Chemistry teacher Natalie Munn got a sense that science fairs were changing three years ago after a student at the regional high school created an iPhone app for his entry into the school’s fair.

“It worked,” she said. “He figured out how to do all of the code stuff . . . I just thought, wow, we are definitely embarking on a new direction here.”

That direction has reached another turning point. Earlier this month, junior Christopher Aring won first place in the South Shore Regional Science Fair, held at Bridgewater State University. No student from the high school has ever taken a first place at the regional event, although there have been several seconds, thirds and honorable mentions.

The project is an augmented reality sand table that blends engineering with computer science. The table is filled with 200 pounds of moldable sand that can be pushed and shaped to create mountains and valleys. As users create peaks and riverbeds, a projector above the table senses the changes and projects contour lines and flowing water onto the sand. It is at once accessible — who can resist playing with sand — and advanced.

“To do that kind of modeling, where you can have a computer react to changes in a surface, is what makes it so unique,” Mrs. Munn said.

The judges at the South Shore fair thought so, too. Chris will now represent Massachusetts at the Intel International Science and Engineering Fair, which will be held in May in Pittsburgh, Pa. More than 1,700 students from 70 countries will present their research there. Initially, Chris did not intended for his project to even be included in the science fair. He started it as an independent study, intrigued by a video he saw on the internet of a similar sand table.

“I thought it was amazing,” he said. “I’ve always been interested in computers and computer coding.” He had completed an internship the previous summer with NarwhalEdu, a startup that teaches engineering concepts to children, which introduced him to the mechanical, non-virtual aspects of design. The sand table independent study, which Chris worked on with information technology instructor Woody Filley, was a way to combine multiple interests.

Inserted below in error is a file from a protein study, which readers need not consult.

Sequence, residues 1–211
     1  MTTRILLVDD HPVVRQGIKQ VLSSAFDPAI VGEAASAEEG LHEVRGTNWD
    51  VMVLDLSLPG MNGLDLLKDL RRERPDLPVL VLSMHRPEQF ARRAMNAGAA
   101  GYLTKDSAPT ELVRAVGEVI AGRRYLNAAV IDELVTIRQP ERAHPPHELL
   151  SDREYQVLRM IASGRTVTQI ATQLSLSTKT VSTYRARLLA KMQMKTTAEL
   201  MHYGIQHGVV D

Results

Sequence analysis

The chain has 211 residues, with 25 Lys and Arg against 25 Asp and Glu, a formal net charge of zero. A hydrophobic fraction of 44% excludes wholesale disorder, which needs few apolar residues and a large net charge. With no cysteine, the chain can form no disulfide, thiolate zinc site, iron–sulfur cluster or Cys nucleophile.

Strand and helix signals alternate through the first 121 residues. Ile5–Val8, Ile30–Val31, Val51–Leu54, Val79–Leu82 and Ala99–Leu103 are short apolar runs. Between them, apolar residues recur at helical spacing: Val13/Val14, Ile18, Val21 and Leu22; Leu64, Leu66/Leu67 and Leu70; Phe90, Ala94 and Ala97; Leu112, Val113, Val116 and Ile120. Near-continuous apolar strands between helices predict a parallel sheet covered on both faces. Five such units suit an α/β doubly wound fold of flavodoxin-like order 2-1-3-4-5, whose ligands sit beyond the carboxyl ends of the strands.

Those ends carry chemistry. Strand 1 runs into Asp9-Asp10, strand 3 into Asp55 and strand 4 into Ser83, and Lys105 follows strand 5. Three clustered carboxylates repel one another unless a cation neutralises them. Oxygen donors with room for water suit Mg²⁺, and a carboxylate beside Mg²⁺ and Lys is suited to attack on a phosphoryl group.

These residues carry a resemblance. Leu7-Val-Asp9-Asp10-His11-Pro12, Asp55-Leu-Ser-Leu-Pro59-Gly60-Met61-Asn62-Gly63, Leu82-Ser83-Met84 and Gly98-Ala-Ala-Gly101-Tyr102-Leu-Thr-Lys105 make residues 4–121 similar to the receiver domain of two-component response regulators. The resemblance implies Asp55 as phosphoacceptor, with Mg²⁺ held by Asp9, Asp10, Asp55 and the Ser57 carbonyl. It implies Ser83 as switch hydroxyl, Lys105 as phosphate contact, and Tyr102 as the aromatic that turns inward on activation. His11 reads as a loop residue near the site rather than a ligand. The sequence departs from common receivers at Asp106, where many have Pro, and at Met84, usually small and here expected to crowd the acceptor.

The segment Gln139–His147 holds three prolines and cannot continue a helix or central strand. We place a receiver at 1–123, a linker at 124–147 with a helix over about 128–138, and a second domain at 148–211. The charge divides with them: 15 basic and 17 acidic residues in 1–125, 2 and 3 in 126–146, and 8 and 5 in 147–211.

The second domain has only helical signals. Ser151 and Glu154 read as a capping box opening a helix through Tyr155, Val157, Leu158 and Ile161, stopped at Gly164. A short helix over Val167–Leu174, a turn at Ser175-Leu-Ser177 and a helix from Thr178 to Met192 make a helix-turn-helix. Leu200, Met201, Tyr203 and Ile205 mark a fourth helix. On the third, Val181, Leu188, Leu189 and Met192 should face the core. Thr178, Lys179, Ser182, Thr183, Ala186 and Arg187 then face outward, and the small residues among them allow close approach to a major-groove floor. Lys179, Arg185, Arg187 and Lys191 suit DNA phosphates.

“You get to learn something that is not really offered at the school, or is really specific,” Chris said of independent studies. The building trades class constructed the table in the fall, and then Chris set to work with the programming elements. Though similar computer programs existed for the project, they were all designed for Linux operating systems, so Chris had to create new programs just to get his table to work on a Mac. Then he coded programs to make the individual parts work seamlessly together. He works on the project every other day in school, but it’s never far from his mind.

“I go home and I’ll think of something and write it down so I can come back later,” he said.

Chris demonstrated the table in some high school classes and at a faculty meeting before he decided to bring it to the science fair. Mrs. Munn, his Advanced Placement chemistry teacher, sponsored the project. All entries must have a faculty sponsor, even if the project isn’t designed for a class.

“There’s no grade associated with [the science fair],” Mrs. Munn said. “He truly, truly loves that stuff. Chris is a diligent problem solver. If something doesn’t work, he’s not ever going to get frustrated by that.”

The table was a hit, a standout in a setting where most projects involve data presentation but little interaction beyond that.

“The whole time, there were just swarms of parents and people,” Chris recalled. “There were kids around me, and their parents would come use the table.” When he brought it to the South Shore regional fair, he spent hours talking to judges — some of whom hadn’t even been assigned to his project. They just wanted to see it for themselves.

Speaking with the judges helped Chris come up with new ways to use the table.

“I want it to work for a wider audience,” he said. “If someone says, oh, this won’t work for what I need to use it for. . . how can I fix it so it is?”

But his next challenge is more of a physical one: making the sand table more portable. After all, it has a trip to make in May.